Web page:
Once on campus, new Duke football players see a video explaining the program’s ground rules.
Among the first is that, until told to, players don’t walk on the expanse of soft, green grass on the playing surface of Brooks Field at Wallace Wade Stadium.
“Whatever you do, don’t come anywhere near the grass,” said sophomore linebacker Koby Quansah. “It’s serious.”
When reminded of the rule, Scott Thompson and Ian Christie simply grin. As two of the staff members charged with keeping the Blue Devils’ playing fields perfect, they appreciate the help.
“The field is not just a little plot of grass anymore, it’s just as big a part of the stadium as anything else,” said Thompson, a grounds superintendent for Duke Facilities Management. “The stands, the tower, any of it.”
Taking care of Duke’s 11 athletic fields – four of them artificial – requires Duke Facilities Management’s landscape services team to have creativity, experience and trust. While the goal for every field is the same – firm, healthy grass that looks pretty, offers consistent footing and resists wear – the approaches to make that possible vary.
“Each field is different,” Thompson said. “The good part is, with our athletics administration and coaches, they know we’re going to do everything we can to give them the best possible product.”
These days at Koskinen Stadium, home to Duke soccer and lacrosse, the field is covered in a rich, green Bermuda grass. Seeing it now, it’s hard to believe that in June it was bare dirt with a slight, green stubble.
On June 5, the field was fraze mowed. Done with a special machine, the process removes the top half-inch of the field, taking with it soil, decaying organic matter, weeds and tangles of roots that choke new growth.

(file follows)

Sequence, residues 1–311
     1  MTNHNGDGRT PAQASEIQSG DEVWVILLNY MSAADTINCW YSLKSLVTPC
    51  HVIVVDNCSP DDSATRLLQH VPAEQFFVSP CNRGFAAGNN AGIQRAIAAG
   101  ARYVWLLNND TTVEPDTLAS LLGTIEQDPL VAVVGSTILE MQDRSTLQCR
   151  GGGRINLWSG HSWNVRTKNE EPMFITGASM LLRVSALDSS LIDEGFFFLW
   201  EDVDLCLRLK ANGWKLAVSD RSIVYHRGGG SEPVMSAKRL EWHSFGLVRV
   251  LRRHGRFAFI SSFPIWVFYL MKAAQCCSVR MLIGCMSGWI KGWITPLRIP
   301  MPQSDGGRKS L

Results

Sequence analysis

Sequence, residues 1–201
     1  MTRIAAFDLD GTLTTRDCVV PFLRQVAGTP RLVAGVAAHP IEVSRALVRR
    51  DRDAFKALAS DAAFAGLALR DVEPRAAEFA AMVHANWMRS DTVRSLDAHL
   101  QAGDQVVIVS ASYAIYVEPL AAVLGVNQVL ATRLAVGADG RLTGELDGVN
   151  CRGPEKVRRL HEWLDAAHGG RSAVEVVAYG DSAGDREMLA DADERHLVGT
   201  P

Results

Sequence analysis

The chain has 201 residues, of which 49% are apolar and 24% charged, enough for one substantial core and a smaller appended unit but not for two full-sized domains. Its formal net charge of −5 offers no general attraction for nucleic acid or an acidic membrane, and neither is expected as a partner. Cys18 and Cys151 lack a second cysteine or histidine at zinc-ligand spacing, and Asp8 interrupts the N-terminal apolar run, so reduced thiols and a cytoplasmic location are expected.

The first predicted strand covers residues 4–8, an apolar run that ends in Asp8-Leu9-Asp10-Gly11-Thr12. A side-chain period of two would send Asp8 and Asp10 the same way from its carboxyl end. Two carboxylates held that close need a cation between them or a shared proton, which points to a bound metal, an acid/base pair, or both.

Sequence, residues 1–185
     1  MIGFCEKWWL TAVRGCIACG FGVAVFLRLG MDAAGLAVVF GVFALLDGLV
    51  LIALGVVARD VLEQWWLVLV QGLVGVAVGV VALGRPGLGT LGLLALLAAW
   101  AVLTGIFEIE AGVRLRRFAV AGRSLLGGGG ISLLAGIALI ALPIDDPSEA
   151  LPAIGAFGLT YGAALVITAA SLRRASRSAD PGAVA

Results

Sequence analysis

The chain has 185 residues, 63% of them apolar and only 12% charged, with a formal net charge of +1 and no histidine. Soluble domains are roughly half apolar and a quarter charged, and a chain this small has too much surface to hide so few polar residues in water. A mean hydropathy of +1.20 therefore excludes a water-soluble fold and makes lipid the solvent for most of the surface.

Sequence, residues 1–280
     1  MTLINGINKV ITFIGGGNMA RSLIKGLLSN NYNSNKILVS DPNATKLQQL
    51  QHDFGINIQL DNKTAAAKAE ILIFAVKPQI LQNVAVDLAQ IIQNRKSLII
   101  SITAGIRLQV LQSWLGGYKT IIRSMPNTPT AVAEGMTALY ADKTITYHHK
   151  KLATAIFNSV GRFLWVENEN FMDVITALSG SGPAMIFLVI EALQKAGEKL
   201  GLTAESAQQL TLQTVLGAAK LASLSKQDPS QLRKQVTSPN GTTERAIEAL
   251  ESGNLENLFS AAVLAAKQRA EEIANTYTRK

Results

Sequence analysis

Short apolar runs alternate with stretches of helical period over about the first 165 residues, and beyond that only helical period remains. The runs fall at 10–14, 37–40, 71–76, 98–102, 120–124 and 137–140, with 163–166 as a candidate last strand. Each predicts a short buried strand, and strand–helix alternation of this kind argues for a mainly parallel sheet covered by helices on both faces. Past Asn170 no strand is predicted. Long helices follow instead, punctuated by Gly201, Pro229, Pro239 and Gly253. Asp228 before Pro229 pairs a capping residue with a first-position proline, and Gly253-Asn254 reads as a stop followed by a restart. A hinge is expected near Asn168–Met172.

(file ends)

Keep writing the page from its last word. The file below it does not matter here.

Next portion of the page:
“The theory is, you’re stripping out everything but you’re leaving the strongest plants,” said Christie, who heads an eight-member team that tends to Duke’s athletics venues. “What manages to survive is a strong viable entity. That’s what’s going to populate your field.”
This was necessary because, at 17 years old, Koskinen is the oldest of Duke’s playing fields. It’s also the only one that grows out of native soil – there’s no sandy substructure to aid drainage. So every few years, this procedure is required to allow the field to refresh itself.
The Duke Golf Club enjoyed a side benefit of the process. The grass and soil that was removed from Koskinen – which ended up being around 40 truckloads - was used to fill in bare patches on the club’s driving range.
Duke’s newest playing field can be found in the softball stadium on East Campus. The first softball team in school history will open play on the field in the spring of 2018, which is good because the summer heat is giving the new field its first test.
While the grass on this field isn’t the same deep green as the others, there’s no reason to worry. This is all part of the plan.
Construction on the field began last fall with an 18-inch-deep base made of sand and organic material. The Latitude 36 Bermuda grass was planted in the spring. The first months weren’t easy. In an effort to strengthen roots, the grass was intentionally stressed by cutting it short and watering sparingly.
“If a grass is stressed, it fights to survive, it grows deeper roots to look for water,” Christie said. “You force it to survive.”
When softball season begins, the field will be lush and ready. And tough enough to handle whatever the Blue Devils throw at it.
Respect the grass
Right now, things are downright quiet on Wallace Wade Stadium’s Brooks Field.
As part of a recent stadium renovation, the old surface, which was surrounded by a track, was removed. The new field was built five feet lower than the previous one.
Since the end of last season – which saw the field hold up during a game played in a torrential downpour related to Hurricane Matthew – the field has only been used for the Blue Devils’ spring football showcase, May graduation and an occasional session of the Duke Football Camp.
During down time, Christie’s crew aerated the field to create room for roots to grow, and mowed it short to force the Latitude 36 Bermuda grass to grow sideways, creating a thick, dense layer of turf.
After a summer of meticulous maintenance, August, the final month of offseason, is when the field is left largely alone to fully grow into itself.
When the Blue Devils’ season kicks off Sept. 2, the field will be firm, fast and emerald green.
While the players can’t step foot on it now, when they finally do, the wait will be worth it.
“You just respect the grass, respect the work people do and stay off of it,” said linebacker Quansah. “When game time comes, you can go on there and do as much as you want.”